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updated: 3/27/2013 2:16 PM

U-46 dual language program encourages bilingualism, biliteracy

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  • Wilma Valero is the director of the English Language Learners Department at Elgin Area School District U-46, where the philosophy is that no child should lose a language to learn a language. She runs the dual language program, now in its second year.

       Wilma Valero is the director of the English Language Learners Department at Elgin Area School District U-46, where the philosophy is that no child should lose a language to learn a language. She runs the dual language program, now in its second year.
    Christopher Hankins | Staff Photographer

 
 

"No child has to lose a language to learn another language."

That's the philosophy of Elgin Area School District U-46's dual language program, which started last year, offering students a chance to strive for bilingualism instead of merely English proficiency.

Wilma Valero started with the district 23 years ago as a kindergarten bilingual teacher, then she became a reading coach, a program coordinator and now director of the U-46 English Language Learners Department, which includes English as a Second Language classes, Bilingual Education and Dual Language programs.

Long-term studies show that Dual Language is the only category of the three that can close the achievement gap for students who come to school dominant in a language other than English. Beyond that, dual language instruction offers a chance for young English speakers to learn a second language alongside their Spanish-speaking peers during their elementary years.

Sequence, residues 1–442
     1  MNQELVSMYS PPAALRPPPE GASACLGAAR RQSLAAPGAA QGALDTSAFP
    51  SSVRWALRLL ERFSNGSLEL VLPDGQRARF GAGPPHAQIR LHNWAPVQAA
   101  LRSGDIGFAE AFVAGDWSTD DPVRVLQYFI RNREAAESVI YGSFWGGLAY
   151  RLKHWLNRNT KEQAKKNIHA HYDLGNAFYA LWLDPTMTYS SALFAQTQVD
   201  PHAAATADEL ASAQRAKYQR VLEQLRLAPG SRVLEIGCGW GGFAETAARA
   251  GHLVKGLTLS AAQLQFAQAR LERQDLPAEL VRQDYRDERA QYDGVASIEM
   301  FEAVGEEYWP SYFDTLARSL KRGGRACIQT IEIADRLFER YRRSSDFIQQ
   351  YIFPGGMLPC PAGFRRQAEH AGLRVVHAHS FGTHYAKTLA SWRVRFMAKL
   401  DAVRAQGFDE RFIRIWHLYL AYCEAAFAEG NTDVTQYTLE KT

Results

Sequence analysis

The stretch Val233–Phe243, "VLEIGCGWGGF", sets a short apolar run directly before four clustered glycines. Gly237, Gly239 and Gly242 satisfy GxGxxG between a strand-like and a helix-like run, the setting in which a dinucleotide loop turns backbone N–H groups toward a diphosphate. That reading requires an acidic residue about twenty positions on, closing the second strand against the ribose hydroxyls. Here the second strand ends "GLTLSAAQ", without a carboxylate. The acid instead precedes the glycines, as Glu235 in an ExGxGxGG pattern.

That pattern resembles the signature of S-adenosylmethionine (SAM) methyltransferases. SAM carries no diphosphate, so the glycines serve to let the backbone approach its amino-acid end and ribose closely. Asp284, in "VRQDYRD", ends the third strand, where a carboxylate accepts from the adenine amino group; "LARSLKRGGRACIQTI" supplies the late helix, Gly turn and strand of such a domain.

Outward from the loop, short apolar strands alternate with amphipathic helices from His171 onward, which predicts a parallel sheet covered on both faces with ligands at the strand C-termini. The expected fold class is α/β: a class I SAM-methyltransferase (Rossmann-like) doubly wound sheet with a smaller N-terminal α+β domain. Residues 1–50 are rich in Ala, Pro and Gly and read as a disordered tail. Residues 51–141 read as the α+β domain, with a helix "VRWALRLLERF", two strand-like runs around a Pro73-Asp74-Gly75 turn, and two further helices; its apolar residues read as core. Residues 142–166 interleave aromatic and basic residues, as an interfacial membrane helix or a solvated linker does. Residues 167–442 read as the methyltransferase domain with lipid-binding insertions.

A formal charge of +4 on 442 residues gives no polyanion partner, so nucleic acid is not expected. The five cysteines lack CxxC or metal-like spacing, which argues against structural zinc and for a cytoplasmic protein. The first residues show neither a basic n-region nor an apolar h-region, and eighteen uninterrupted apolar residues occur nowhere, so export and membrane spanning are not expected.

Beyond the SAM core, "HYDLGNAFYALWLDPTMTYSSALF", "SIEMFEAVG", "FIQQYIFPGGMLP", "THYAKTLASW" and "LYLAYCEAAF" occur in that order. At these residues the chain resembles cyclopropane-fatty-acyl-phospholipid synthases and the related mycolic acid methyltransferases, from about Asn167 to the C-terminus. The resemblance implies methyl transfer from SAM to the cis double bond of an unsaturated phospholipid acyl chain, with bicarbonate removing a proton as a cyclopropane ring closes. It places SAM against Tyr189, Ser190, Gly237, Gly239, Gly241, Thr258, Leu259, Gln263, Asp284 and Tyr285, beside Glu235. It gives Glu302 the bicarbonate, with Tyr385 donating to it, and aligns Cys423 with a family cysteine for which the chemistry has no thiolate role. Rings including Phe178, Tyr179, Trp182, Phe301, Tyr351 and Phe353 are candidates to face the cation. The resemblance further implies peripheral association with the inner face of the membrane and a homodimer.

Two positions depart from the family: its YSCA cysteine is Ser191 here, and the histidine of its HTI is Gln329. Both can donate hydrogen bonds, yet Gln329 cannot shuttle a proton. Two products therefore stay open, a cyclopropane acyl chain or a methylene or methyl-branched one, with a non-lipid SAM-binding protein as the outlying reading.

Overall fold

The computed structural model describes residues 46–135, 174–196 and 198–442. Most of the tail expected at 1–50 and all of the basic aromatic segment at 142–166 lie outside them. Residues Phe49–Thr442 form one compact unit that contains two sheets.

"When the students work in collaboration, you are learning my language and culture, I am learning your language and culture and we are empowering each other in this global society," Valero said.

Besides creating students who are capable of speaking both languages, Valero said Dual Language focuses on reading and writing ability in both languages as well as fostering cultural understanding among diverse groups of students.

In traditional bilingual education, students start off getting 80 percent of their instruction in their first language -- Spanish, in U-46 -- with the goal of flipping the ratio by the time they age out of the program.

The goal of Dual Language, though, is to achieve 50/50 instruction by eighth grade for students who are bilingual, biliterate and bicultural. Then, by ninth grade, they can enroll in classes for a third language at the high school level.

"We believe that bilingualism is an asset and not a disadvantage," Valero said.

English as a Second Language classrooms are run primarily in English with a range of second languages represented. U-46 students come to school speaking almost 100 different languages, the most common of which are English, Spanish, Gujarati, Lao, Polish, Tagalog, Urdu and Vietnamese.

U-46 offers one-way Dual Language classes to Spanish-speakers and two-way Dual Language classes that are split between English-dominant and Spanish-dominant speakers. Two-way dual language -- an enrichment program -- has grown from seven classrooms last year to 16 this year. And Valero said some parents are offering to pay out-of-district tuition as well as transportation costs to get their students to U-46 schools for the program.

Across all Dual Language classrooms, the district went from serving 3,817 students last year to 5,199 this year. The plan is to continue expanding Dual Language offerings as the original class of students ages. Next year fourth grade will be added to the program.

Dual Language interest forms for students entering kindergarten or first grade are due April 19 for the 2013-14 school year.

For details, visit u-46.org.

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